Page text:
City Council’s Vice-Mayor Lili Bosse appropriately dismissed that fee schedule as “way too low.” As the clock neared midnight she suggested that staff come up with new numbers. Which they did, referencing Santa Monica’s fee schedule. So our new fees topped out at $18,850 for a 2-bedroom or large unit ($21,650 if a minor, senior or disabled resident is in the apartment). Hurray!

But the celebration was short-lived: a month later those fees were knocked down substantially. The top fee went from $18,850 to $12,394 for a 2-bedroom unit. So let’s put into perspective the recent CPI 4.1% adjustment: it adds just $500 bucks to that top fee which itself doesn’t even reflect the cost of finding replacement housing.

Relocation Fees Do Not Further Residential Stability

I think back to the sentiment expressed by Vice-Mayor Lili Bosse when Council signed the first urgency ordinance that January.

Glaring is the no-fault evictions we’ve been seeing…To find out you’ve been living in your place a long time, with families, with the elderly, only to find out you have to leave – and have no place to go? And you need the first and last month, the security deposit… Once again we’re out of step with our neighboring communities. It’s another way to get people to move out. — Vice-Mayor Lili Bosse

The relocation fee can’t be the salve for an injury like involuntary termination because in the context of asking rents it is simply not enough. The financial burden of finding replacement should not fall disproportionately on the tenant. It’s simply not enough to make some landlords care either when the discrepancy between the rent paid by Copen’s 29-year tenant and the rent he’s asking after kicking him out. That thousand bucks every month covers the fee in a year then goes straight to Copen’s bottom line.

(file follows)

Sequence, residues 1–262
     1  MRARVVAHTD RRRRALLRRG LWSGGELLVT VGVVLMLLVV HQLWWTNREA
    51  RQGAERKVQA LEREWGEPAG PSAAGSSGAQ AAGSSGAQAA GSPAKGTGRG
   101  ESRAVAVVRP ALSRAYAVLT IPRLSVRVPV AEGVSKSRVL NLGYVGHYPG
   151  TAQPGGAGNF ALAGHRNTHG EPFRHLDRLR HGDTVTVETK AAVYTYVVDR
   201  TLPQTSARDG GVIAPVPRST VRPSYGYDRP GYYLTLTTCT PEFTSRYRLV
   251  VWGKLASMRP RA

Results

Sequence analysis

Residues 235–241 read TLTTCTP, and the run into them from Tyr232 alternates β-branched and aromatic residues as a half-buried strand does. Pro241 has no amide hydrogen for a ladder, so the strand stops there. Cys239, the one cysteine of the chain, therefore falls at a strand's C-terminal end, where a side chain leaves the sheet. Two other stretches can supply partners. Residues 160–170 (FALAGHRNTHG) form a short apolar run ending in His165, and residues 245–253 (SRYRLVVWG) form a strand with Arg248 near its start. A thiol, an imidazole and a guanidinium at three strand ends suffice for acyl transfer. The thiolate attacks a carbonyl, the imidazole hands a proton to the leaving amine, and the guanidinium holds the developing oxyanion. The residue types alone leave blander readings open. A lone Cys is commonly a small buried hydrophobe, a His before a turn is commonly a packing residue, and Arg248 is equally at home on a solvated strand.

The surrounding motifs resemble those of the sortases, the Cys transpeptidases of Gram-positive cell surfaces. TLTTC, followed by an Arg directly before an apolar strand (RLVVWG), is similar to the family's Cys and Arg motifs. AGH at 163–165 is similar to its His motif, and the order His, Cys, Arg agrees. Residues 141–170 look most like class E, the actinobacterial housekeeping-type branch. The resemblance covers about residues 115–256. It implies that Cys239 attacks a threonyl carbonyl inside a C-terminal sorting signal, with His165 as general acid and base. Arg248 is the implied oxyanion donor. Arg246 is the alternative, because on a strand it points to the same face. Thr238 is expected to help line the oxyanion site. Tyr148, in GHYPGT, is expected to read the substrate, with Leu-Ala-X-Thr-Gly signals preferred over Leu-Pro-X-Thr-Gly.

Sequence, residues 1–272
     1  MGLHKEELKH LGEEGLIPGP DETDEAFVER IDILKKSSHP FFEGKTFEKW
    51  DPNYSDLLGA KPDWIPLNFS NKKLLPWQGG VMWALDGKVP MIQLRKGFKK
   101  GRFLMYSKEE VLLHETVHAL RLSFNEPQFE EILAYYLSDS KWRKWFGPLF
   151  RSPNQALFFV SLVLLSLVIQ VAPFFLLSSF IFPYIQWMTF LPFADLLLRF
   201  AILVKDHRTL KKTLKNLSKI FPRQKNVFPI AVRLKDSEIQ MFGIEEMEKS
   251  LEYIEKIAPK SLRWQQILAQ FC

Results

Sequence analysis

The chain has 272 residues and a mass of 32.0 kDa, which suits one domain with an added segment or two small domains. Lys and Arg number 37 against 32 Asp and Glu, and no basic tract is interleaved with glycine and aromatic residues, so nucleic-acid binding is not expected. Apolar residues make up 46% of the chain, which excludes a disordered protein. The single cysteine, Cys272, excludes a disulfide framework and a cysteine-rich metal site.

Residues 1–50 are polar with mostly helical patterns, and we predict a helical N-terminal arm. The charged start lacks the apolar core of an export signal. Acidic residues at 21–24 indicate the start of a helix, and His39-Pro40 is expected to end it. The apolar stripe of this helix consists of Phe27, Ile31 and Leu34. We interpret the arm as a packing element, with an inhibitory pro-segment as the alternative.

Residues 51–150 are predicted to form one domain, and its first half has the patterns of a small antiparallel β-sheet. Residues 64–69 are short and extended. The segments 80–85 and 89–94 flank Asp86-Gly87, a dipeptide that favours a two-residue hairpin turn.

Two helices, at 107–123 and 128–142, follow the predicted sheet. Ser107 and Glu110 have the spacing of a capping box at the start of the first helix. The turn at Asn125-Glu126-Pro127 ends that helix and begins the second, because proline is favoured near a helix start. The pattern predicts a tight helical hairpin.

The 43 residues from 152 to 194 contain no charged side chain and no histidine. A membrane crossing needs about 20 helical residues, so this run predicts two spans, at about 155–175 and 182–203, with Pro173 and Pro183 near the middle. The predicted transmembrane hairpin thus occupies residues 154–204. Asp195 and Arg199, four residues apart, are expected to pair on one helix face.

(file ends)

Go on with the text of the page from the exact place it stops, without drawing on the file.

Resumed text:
We don’t need to tinker around the edge with a 4.1% CPI bump-up when what we need is for Beverly Hills to finally put an end to no-just-cause eviction and obligate relocation fees that reflect the cost of renting today. And the fee should go into escrow at the time the involuntary notice gets served on a tenant.[2]

With no-just-cause eviction allowed we are seeing a pattern where a landlord empties his building of longtime tenants to remodel and reap market rents. We bid goodbye to the households at 121 South Elm and 204 South Arnaz.You will be missed.

Do you know of buildings that have been emptied in the past 18 months? Please contact me.

  1. We can’t know how difficult the larger family’s search for replacement housing might be because the city has not released data showing the breakdown of total units by the number of bedrooms. (I’ve asked.) We do know that there is not a single Chapter 5 tenant in any 4-bedroom unit, so that suggests there must be relatively few units of that size in our city.  ↩
  2. Today there exists no specific penalty for a landlord who leaves a tenant high-and-dry without a fee although our rent stabilization ordinance does require it. That’s why the benefit of escrow is clear: not only does it commit the landlord to follow though with a payment once notice is served; the money is there waiting for the tenant. Santa Monica even allows a tenant to begin to draw on it for costs once replacement housing is secured (another tenant protection not embraced by Beverly Hills).  ↩